None of the legislators who commented on § 14-227a(h)(3) specifically addressed whether the enhanced penalties were intended to be triggered by a third violation or by a third conviction within the five year period. The general comments of the legislators regarding Public Acts 1985, No. 85-387, which amended § 14-227a in 1985 to incorporate the language at issue in this appeal, were linguistically inconsistent. The legislators alternately described the amendment as imposing additional penalties when a third offense, third conviction or third violation occurs. Representative Thomas J. Dudchik described the legislation as "increas[ing] the mandatory jail sentence for a second and third offense." (Emphasis added.) 28 H.R. Proc., Pt. 19, 1985 Sess., p. 7029. Representative Richard D. Tulisano indicated that this statute determined that "a second offender . . . will be one who commits a violation within five years of a prior conviction, so it's a five year limitation on the second offender status." (Emphasis added.) 28 H.R. Proc., Pt. 19, 1985 Sess., p. 7039. Tulisano later indicated that this legislation would conform Connecticut law with federal law so that "any person convicted of a second violation of driving under the influence of alcohol within five years after the conviction for the same offense" would be a second offender. (Emphasis added.) Id., 7040. Senator Richard B. Johnston stated: "[S]econd, third, or subsequent convictions which occur within the first five years of the first conviction would subject a person to increased penalties." (Emphasis added.) 28 S. Proc., Pt. 12, 1985 Sess., p. 3948.

Although 23 U.S.C. § 408(e) encourages states to adopt statutes similar to the one adopted by Connecticut and codified as § 14-227a(h)(3), our research revealed no cases from other jurisdictions addressing the issue raised in this appeal.

In State v. Mattioli, supra, 210 Conn. 575, we concluded that the enhanced penalties provided by § 14-227a(h) apply to the third conviction of a defendant even if only one of the two prior convictions occurred within five years of the third conviction or violation. We, however, expressly did not determine whether the five year period runs from conviction to violation or conviction to conviction. Id., 577 n. 3.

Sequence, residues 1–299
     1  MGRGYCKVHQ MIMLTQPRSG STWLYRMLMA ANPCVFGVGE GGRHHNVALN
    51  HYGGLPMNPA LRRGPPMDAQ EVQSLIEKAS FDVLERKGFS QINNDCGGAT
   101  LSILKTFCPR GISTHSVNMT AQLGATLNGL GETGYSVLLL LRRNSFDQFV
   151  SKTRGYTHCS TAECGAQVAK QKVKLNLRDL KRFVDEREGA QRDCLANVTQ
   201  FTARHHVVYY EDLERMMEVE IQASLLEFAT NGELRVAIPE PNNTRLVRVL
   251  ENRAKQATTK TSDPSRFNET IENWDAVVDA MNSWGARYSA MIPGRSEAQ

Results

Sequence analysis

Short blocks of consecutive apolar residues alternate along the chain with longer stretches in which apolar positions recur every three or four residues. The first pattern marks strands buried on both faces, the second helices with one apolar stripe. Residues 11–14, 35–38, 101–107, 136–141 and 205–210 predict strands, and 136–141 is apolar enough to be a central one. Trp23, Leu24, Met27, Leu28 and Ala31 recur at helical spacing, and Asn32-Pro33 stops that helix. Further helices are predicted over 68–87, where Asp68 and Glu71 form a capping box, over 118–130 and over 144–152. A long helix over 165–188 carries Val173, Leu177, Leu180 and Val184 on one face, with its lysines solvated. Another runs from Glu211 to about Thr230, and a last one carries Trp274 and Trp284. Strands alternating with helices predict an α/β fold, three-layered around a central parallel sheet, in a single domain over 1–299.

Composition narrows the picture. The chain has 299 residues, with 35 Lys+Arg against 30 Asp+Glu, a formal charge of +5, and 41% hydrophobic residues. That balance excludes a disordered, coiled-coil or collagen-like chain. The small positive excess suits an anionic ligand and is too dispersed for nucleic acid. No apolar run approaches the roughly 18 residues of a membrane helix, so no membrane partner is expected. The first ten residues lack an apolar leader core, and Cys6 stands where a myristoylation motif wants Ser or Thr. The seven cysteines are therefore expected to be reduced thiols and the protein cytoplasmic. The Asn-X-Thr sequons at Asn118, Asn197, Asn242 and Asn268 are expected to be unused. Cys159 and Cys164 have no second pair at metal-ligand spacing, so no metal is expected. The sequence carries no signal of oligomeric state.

Because the legislature's overall goal in enacting § 14-227a(h)(3) was unambiguous, we are persuaded that the phrase "for conviction of a third violation within five years after a prior conviction for the same offense . . ." can reasonably be construed only as imposing enhanced penalties on those whose third violation of § 14-227a(a) occurs within the five year period, regardless of when that conviction occurs. In enacting § 14-227a(h)(3), the legislature sought to deter dangerous conduct, not to influence the timing of a subsequent conviction arising from such conduct. An interpretation of § 14-227a(h)(3) that focuses on the time of conviction rather than the time of violation could have bizarre and ineffective consequences. If eligibility for the enhanced penalty were to depend upon the timing of conviction, then two offenders who were arrested on the same day for their third offense and who previously on the same dates had been convicted twice before of operating a motor vehicle while under the influence of intoxicating liquor or drugs could be subject to disparate penalties if one of the offenders were successful in strategically jockeying for a delay in his trial. Presumably, the legislature did not intend to invite such manipulation of the judicial docket. It is reasonable for us to construe the statute to avoid such an undesirable interpretation.

The defendant argues that the legislature intended the five year period to run from conviction to conviction in order to provide a bright line rule. Although we agree that the legislature intended to provide a bright line rule, that does not inform us whether the legislature preferred the date of the violation or the date of the conviction to serve as that bright line.

Finally, we reject the defendant's contention that our interpretation of § 14-227a(h)(3) is untenable because it would violate the rule of lenity. "Although we recognize the fundamental principle that criminal statutes are to be construed strictly, it is equally fundamental that the rule of strict construction does not require an interpretation which frustrates an evident legislative intent. . . . Moreover, there is a presumption that the legislature intends to accomplish a reasonable and rational result rather than a difficult and possibly bizarre one." (Citations omitted; internal quotation marks omitted.) State v. Dolphin, 203 Conn. 506, 523-24, 525 A.2d 509 (1987); see State v. Hinton, 227 Conn. 301, 317-18, 630 A.2d 593 (1993); State v. Chicano, 216 Conn. 699, 719-20, 584 A.2d 425 (1990), cert. denied, 501 U.S. 1254, 111 S.Ct. 2898, 115 L.Ed.2d 1062 (1991). As we have already noted, the defendant's interpretation of § 14-227a(h)(3) would have the irrational and unintended result of imposing enhanced penalties, for repeated operation of a motor vehicle while under the influence of intoxicating liquor or drugs, not by reference to the date of the defendant's third such misconduct, but by reference to the fortuitous date of his third conviction. We have not previously applied the principle of lenity in such circumstances, and we decline to do so today.


Summaries of

State v. Burns

Supreme Court of Connecticut
Feb 6, 1996
670 A.2d 851 (Conn. 1996)

In State v. Burns, 236 Conn. 18, 25-26, 670 A.2d 851 (1996), our Supreme Court held that the five year period (now a ten year period) that is the predicate for the enhanced penalties provided in § 14-227a (h) (3) runs from a prior conviction to a third violation, not from a prior conviction to a third conviction.

Summary of this case from State v. Kratzert
Case details for

State v. Burns

Case Details

Full title:STATE OF CONNECTICUT v . CHARLES J. BURNS

Court:Supreme Court of Connecticut

Date published: Feb 6, 1996

Citations

670 A.2d 851 (Conn. 1996)
670 A.2d 851